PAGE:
When the wife of a blind composer discovers that her husband will cut her out of his estate, if he discovers that she is having an affair with a young artist, she and her lover plan to commit the perfect murder.
A gang of street boys foil a master crook who sends commands for robberies by cunningly altering a comic strip's wording each week, unknown to writer and printer. The first of the Ealing ... See full summary »
A London police inspector is patrolling the river looking for smugglers, when he becomes attracted to a woman working as a ship's radio operator. When the woman turns up in possession of ... See full summary »
Two truck drivers fired by the crooked trucking firm they worked for start their own company. Their former boss, worried about the competition, tries everything he can to drive them out of ... See full summary »
Conquest's car is a 1952 Frazer Nash Targa Florio, one of only 14 made. Red in colour, original registration number DEB 340. The Frazer Nash registry gives the chassis number 421/200/171 for this car. See more »
I bought this film because I'm interested in the British b film era of the 1950s and I didn't believe that I'd ever seen it before. The score by Philip Green (not the retail entrepreneur), and in particular a smug and highly irritating theme which recurs throughout the score, made me realise that I had seen it many years before. I wasn't able to recall a solitary frame of it however. Hardly surprising. Most of the clichés of the era are present: a suave, gentleman detective played by Tom Conway (George Sanders' brother, don't you know) in a particularly smug and irritating manner it has to be said (perhaps Philip Green's music wasn't that wide of the mark after all); sinister foreigners, unreal characters seemingly unshocked by violence and murder, toe curling behaviour from all and sundry. Based on the Norman Conquest (not that one) novels which were written by Berkeley Gray, Gray wrote over 800 of the blighters.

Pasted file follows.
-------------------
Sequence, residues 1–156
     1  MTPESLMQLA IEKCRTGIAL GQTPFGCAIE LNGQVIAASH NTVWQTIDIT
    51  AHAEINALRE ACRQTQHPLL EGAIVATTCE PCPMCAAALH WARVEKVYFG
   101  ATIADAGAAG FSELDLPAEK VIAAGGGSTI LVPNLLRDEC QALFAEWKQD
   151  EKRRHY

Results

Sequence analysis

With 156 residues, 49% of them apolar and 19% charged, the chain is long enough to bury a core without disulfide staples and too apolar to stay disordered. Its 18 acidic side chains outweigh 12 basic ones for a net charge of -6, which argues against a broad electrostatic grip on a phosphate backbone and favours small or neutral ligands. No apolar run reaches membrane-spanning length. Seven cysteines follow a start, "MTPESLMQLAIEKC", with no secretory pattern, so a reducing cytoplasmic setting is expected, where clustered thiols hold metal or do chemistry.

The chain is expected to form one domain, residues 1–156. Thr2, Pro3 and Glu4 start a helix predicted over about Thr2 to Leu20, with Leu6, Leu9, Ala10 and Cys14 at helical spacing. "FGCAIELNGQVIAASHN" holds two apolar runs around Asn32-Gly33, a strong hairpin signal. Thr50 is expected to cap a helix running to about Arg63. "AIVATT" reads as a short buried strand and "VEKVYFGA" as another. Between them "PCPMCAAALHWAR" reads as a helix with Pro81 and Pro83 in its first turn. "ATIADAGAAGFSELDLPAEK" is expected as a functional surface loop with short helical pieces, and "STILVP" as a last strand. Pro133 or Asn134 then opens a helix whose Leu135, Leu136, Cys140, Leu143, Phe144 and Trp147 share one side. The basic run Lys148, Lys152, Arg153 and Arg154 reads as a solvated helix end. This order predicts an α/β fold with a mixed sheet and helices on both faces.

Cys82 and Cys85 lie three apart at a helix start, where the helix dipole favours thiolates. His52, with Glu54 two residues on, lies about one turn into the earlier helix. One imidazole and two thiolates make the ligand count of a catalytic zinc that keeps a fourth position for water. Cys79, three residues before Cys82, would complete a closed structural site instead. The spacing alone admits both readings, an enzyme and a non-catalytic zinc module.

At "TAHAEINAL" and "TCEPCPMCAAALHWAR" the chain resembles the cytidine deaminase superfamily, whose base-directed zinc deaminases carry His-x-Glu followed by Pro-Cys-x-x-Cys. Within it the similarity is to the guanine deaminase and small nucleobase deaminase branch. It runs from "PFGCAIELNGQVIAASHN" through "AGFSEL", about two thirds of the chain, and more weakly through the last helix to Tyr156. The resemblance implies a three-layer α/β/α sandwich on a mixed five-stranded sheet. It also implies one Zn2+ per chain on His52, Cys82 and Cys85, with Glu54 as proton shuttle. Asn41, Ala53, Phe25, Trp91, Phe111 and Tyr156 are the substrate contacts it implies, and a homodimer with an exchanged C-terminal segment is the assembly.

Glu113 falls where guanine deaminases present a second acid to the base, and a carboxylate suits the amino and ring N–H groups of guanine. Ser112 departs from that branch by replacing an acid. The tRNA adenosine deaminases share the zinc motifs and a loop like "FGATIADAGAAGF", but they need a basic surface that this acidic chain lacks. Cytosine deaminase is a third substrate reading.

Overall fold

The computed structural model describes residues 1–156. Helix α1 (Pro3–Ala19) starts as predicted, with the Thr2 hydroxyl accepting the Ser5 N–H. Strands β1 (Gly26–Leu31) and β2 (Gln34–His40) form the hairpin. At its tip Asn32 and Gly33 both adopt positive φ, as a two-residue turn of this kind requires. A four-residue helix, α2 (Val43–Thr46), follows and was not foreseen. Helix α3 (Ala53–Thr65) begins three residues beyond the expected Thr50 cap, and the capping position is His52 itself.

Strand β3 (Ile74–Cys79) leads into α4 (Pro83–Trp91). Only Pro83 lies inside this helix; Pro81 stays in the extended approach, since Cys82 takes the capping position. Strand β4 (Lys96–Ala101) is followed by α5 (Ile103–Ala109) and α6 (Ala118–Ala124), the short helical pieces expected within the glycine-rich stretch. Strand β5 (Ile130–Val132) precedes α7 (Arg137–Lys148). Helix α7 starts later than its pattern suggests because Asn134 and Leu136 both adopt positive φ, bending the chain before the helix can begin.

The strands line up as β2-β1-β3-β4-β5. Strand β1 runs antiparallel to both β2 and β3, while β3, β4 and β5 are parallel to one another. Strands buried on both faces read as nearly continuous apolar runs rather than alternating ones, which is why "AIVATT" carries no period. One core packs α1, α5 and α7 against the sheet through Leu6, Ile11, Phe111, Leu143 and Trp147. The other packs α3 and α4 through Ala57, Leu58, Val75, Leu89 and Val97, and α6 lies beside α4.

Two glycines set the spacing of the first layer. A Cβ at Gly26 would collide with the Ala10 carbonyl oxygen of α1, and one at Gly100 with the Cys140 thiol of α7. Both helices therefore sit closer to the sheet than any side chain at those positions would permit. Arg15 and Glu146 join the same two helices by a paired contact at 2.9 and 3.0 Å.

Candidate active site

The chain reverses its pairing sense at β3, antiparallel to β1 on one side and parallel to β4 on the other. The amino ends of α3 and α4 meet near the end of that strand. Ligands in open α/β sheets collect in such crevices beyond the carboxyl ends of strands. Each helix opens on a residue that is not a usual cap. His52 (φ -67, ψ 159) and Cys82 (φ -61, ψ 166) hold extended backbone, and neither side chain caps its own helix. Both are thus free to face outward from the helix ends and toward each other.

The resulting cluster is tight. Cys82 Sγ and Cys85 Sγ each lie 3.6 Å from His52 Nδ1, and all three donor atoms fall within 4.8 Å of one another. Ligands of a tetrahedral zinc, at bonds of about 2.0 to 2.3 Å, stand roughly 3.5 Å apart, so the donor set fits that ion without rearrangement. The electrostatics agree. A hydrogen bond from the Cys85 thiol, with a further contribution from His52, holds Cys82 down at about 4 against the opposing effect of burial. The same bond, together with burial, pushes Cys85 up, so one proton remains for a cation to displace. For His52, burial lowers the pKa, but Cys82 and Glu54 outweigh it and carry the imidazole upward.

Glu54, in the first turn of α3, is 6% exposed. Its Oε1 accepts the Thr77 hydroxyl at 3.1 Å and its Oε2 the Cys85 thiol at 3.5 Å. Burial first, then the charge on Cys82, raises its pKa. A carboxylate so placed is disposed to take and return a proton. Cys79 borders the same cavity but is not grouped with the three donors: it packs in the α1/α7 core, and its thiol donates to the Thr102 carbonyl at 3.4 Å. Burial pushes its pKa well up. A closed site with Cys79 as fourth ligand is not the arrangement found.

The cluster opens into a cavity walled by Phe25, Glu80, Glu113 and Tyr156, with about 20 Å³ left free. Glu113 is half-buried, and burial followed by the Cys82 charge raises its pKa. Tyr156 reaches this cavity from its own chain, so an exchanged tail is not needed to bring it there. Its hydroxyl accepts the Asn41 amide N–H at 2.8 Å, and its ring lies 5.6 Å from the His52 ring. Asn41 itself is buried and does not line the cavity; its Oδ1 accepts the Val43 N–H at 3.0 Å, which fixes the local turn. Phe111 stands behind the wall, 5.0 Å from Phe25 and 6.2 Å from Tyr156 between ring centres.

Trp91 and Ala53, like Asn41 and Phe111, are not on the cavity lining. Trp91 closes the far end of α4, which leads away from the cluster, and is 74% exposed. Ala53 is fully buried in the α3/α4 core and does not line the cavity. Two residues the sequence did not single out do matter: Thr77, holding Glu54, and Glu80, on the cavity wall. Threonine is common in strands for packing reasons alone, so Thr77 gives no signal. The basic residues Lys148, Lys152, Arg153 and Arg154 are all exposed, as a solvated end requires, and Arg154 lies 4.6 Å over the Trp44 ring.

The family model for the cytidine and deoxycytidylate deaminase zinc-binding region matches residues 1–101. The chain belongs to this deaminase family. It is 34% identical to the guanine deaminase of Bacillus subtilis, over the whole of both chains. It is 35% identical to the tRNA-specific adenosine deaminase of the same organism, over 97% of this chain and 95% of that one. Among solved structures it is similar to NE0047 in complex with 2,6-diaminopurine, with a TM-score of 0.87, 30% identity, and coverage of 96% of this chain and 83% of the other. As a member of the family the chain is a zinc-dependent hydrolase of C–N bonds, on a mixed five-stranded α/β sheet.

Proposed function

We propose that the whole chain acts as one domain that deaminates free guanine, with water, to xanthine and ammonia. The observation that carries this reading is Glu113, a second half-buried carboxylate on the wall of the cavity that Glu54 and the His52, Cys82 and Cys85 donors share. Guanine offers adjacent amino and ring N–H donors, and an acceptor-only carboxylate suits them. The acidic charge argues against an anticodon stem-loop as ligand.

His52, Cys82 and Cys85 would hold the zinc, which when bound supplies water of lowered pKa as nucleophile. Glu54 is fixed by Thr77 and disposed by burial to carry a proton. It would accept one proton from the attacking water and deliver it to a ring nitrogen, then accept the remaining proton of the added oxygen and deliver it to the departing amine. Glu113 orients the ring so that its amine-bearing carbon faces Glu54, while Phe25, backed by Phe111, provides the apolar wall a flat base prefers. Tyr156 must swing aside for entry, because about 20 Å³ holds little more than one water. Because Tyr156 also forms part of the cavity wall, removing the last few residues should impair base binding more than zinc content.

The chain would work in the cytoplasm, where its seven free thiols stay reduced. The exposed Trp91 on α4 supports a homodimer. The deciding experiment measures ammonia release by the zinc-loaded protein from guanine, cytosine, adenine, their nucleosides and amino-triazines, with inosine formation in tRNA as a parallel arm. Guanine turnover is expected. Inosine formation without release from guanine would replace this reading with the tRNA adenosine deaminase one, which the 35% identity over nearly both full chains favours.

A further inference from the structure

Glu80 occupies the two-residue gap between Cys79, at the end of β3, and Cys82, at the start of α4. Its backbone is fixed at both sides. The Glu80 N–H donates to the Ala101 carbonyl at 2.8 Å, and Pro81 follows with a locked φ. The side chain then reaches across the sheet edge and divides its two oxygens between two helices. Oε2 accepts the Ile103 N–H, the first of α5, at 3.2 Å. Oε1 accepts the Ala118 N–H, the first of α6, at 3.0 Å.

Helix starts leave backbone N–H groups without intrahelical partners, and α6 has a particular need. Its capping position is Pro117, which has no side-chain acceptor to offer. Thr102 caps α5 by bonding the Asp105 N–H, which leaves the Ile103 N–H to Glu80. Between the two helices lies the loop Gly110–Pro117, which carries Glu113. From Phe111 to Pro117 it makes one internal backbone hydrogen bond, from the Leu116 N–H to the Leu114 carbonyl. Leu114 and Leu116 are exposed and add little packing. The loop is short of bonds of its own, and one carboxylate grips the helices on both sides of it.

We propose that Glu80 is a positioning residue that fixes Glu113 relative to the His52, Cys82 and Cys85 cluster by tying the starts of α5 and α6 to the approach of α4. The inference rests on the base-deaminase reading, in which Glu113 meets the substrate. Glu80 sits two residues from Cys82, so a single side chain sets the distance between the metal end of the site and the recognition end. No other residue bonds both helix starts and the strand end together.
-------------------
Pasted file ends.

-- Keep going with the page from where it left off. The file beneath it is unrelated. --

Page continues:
Bizarrely, its director, Bernard Knowles, directed Magical Mystery Tour for the Beatles fourteen years later. I am the walrus this ain't.
All in all Park Plaza 605 can be summarised as mediocre and lifeless rubbish from the golden age of the British second feature. Buy it now from Odeon Entertainment!
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